April 1, 2015
This is a placeholder, in preparation of a possible PIL.
SV Raju's 1994 petition for Swatantra Party Maharashtra that was denied registration by ECI
2005 private members bill in Rajya Sabha by Sharad Joshi
2007 PIL against 42nd Constitutional amendment and ROP Act requirement
In 2007, Good Governance India Foundation lodged a PIL questioning the validity of Section 2 of the Constitution (42nd Amendment) Act, 1976, by virtue of which the word “Socialist” was inserted in the Preamble of the Constitution.
Download a Word version of the PIL.
The petition was dismissed. Download the judgement and other details here.
Report in Economic Times
NEW DELHI: The Supreme Court on Tuesday refused to entertain a suggestion in a PIL which had sought deletion of the word "socialist" from the Constitution. The word "socialist" was added through the 42nd Amendment to the Constitution.
A bench comprising Chief Justice K G Balakrishnan, Justice R V Raveendran and Justice J M Panchal said, "Why do you (petitioner) take socialism in a narrow sense defined by (the) Communists. In broader sense, it means welfare measures for the citizens. It is a facet of democracy."
The court was hearing a PIL seeking direction to delete the word "socialist" from the Preamble to the Constitution on the ground that it was originally not there, and addition of the word amounted to re-writing of it.
"It hasn't got any definite meaning. It gets different meaning in different times," the bench observed.However, it agreed to hear the PIL which also sought to strike down the provision of the Representation of People Act (RPA) requiring a political party to adhere to socialism for being recognised.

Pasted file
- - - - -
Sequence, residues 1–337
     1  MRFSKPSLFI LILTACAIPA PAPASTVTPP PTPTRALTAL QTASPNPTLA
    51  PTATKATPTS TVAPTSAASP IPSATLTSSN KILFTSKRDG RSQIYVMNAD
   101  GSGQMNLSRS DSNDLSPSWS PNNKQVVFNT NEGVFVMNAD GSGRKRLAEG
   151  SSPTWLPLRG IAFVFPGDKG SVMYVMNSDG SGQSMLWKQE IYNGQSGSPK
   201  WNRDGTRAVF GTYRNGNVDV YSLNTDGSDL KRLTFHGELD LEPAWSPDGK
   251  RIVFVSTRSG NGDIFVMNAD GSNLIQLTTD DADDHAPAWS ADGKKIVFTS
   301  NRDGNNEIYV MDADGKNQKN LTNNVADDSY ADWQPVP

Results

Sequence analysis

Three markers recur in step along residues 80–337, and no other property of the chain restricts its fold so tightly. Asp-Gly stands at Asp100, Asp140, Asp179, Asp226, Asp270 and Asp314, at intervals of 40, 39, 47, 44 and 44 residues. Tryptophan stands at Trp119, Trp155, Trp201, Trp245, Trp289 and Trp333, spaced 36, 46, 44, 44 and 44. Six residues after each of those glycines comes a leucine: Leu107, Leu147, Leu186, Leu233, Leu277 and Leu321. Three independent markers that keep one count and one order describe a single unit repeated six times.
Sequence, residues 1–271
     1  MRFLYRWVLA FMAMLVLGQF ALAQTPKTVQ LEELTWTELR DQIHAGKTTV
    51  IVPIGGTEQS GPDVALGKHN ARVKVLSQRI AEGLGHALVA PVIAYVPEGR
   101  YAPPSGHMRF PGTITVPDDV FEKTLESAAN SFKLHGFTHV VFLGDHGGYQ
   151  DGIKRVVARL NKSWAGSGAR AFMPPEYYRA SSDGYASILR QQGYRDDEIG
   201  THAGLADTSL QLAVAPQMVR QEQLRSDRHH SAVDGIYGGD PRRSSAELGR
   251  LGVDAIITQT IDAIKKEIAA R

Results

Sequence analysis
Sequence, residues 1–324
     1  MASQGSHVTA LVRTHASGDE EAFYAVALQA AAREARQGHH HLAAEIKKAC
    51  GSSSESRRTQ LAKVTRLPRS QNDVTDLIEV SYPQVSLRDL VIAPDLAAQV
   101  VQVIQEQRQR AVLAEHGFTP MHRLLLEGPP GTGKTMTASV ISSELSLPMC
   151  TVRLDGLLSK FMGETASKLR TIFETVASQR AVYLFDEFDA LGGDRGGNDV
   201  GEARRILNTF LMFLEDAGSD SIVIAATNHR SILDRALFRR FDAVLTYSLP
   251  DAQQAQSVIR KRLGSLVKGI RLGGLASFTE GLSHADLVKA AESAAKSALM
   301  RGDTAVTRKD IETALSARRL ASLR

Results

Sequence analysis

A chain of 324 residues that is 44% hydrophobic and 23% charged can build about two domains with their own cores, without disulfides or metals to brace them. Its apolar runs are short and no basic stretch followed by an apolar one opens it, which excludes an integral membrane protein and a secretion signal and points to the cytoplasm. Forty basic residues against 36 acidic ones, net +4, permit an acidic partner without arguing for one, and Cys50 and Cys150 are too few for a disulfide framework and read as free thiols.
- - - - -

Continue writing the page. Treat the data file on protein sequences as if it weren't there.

The court will look into the issue of derecognising political parties which have wrongly shown allegiance to socialism in their manifesto despite their contrary objectives.The court, after hearing the contention of the petitioner, issued notices to the Centre and the Election Commission.
"It is contrary to the Constitution and to its democratic foundations that political parties be called upon to swear allegiance only to a particular mindset or ideology," said senior advocate Fali S Nariman, appearing for the petitioner, Kolkatta-based NGO Good Governance India Foundation.
Mr Nariman said, "Introducing the word 'socialist' in the Preamble breaches the basic structure and it is wholly inconsistent." "The attempt to deliberately tunnel the collective view in one ideological direction is also a grave breach of the liberty provisions of the Constitution," Mr Nariman said, seeking direction to strike down Sec 29A of the Representation of People Act.
The Supreme Court on Monday dismissed as withdrawn a writ petition challenging the validity of Section 2 of the Constitution (42nd Amendment) by virtue of which the word ‘socialist’ was inserted in the Preamble to the Constitution.